We often talk about virtual 'worlds', and about the 'reality' of those 'worlds', as if they could somehow be considered in competition with or alternatives to the world of the 'nonvirtual', of the 'everyday'. Yet widespread though this way of talking might be, it is also fundamentally misleading, if not mistaken. Indeed, a basic starting point for any serious discussion of the virtual must be recognition of the non-autonomy of the virtual - a recognition of the fact that the virtual does not constitute an autonomous, independent, or 'closed' system, but is instead always dependent, in a variety of ways, on the everyday world within which it is embedded.
It would be useful if this 'principle of the non-autonomy of the virtual' were thought controversial or contentious since controversy always attracts more attention, but whether or not the principle is taken to be so, it seems to me to express what is a fairly self-evident, and, in some respects, obvious and even mundane fact, although nonetheless an important one. In these few pages I want to explain something of what this principle of non-autonomy amounts to, what it means, and why it might indeed be a fundamental staring point for any discussion of the virtual.
So what is the nature of the non-autonomy that is at issue here? To begin with, virtual domains inevitably depend, in a straightforwardly causal and material sense, upon a large body of supporting infrastructure that exists in the everyday world and not in the virtual (notice that this is true even of imagined 'virtual' worlds such that of The Matrix). Even our interactions in the virtual as actors in a virtual 'space' depend first and foremost on our interaction within the everyday space in which is located the screen, keyboard, mouse or whatever other equipment enables our virtual activity (see Malpas, 2000). In this respect, one might view virtual space as a very specific modification of the space of the everyday - the non-autonomy of virtual space being a special instance of the non-autonomy of the virtual as such.
One way of putting the non-autonomy of the virtual is to say that the virtual is a product or artifact of the everyday - that it is produced through actions and events in the everyday world. Another way of putting it, to use some technical philosophical language, is to say that the virtual supervenes on the everyday, which means, in this case, that every virtual event matches up with some event or events in the everyday world, and that events in the domain of the virtual occur as a result of the events in the everyday that are their causes - thus every virtual event will be able, minimally, to be correlated with some event or events occurring in the computational system, including the hardware and software components, in which it is based, or more broadly, in the everyday world-environment that includes both the computational system and the user or users (as well as much more besides).
Of course, these ways of putting matters still retain the potential to mislead in one crucial respect: they suggest that the virtual is different from the everyday, whereas strictly speaking, the virtual is merely another part or aspect of the everyday world - and this is an important element in the very idea of the non-autonomy of the virtual. There is thus only the one world, and the virtual is a part of it. Saying this is not, of course, to reject the commonplace talk of different 'worlds' that occurs in a wide range of contexts (from 'the wide world of sports', and 'the world of the honey bee', to the 'World of Warcraft'), but only to insist that there is an important central sense of 'world' according to which there cannot be a plurality of such worlds - in this sense the world is precisely that which encompasses everything, and which cannot be wholly encompassed by anything within it.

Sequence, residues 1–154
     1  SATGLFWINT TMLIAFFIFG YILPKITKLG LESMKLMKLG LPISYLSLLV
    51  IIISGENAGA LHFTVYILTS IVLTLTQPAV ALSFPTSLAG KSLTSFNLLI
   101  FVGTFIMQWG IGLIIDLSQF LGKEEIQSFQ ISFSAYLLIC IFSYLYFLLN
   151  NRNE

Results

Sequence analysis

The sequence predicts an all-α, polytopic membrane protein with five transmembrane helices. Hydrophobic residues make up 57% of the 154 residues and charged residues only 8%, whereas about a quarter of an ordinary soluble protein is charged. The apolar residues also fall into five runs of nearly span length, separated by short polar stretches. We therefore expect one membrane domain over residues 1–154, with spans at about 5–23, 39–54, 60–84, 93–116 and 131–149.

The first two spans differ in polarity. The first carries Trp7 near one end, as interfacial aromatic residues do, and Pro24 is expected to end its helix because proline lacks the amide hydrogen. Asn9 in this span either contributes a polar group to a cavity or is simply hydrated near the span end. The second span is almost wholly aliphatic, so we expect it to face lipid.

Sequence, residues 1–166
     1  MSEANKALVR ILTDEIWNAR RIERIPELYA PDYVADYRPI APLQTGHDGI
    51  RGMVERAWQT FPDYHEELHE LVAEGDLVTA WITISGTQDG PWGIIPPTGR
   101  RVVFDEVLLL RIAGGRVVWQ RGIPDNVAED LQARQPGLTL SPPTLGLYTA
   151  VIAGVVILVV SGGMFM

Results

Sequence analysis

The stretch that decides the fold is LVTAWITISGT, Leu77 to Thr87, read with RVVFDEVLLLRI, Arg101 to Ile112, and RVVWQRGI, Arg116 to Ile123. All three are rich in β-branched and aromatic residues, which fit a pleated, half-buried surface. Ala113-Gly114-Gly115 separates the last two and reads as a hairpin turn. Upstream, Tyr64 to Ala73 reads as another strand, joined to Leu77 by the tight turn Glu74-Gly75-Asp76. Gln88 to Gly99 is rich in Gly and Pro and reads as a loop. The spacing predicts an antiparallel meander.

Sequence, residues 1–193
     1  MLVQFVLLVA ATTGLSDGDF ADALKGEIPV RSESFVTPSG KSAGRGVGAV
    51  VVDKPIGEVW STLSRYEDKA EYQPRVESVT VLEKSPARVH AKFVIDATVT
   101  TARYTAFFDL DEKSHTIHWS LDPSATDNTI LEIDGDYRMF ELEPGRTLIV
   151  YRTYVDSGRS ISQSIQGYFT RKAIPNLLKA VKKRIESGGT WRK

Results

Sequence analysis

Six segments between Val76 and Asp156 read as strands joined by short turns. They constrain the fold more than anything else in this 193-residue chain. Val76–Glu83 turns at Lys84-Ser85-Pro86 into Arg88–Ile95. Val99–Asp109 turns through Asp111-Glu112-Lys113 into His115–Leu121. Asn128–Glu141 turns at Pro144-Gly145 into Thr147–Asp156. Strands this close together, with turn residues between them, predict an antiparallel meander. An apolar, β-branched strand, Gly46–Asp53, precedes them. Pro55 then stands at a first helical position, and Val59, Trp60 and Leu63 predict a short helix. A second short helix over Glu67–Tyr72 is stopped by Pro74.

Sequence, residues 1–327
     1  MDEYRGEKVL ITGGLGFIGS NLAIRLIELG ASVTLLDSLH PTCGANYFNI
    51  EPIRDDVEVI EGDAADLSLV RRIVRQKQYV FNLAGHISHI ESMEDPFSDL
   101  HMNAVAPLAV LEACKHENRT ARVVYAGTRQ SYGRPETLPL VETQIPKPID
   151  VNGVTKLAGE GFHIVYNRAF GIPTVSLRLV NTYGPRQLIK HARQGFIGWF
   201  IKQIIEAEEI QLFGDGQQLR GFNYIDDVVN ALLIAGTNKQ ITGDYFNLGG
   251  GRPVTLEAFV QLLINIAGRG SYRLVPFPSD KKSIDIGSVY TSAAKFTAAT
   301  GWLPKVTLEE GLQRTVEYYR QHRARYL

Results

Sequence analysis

The non-autonomy of the virtual is perhaps most obvious when one looks to the causal dependence of the virtual on the everyday - and not only its dependence on the physical structures that make it possible, but also on the various socio-economic and socio-cultural processes (including the process of design) out of which it arises. Yet the non-autonomy of the virtual is not simply a matter of causal or physical dependence. It is just as much a matter of its contentual dependence. The content that is embodied in the virtual - the narratives it presents, the significance of the individual events and elements that occur within it, the meanings that can be attached to the images and texts that it generates - is always dependent on the everyday world in which the virtual is embedded.
The most obvious way this is so is in terms of language - the languages that appear within virtual environments are derivative of the languages spoken outside of them. Moreover, even were one to design a virtual environment with its own 'in-built' language (as has been done - the Myst games present what is arguably a complete language, and certainly a comprehensive and novel base-five numbering system, as part of the D'ni civilization), still the language would derive from a design process external to the virtual domain itself, and there is no reason to suppose that such a language would necessarily remain restricted to its original virtual domain alone or that it could be insulated from linguistic change deriving from the everyday. Yet not only is the language of the virtual inextricably bound to the nonvirtual, so are the meanings of items and events that appear within the virtual invariably dependent on their embeddedness within the larger world-frame that is the everyday. The frames of meaning that give significance to the virtual are thus the frames of significance that users bring with them into the virtual and that encompass more than just the virtual alone - virtual experiences gain their content and significance through being embedded in those frames, and so through being connected to other experiences both virtual and everyday.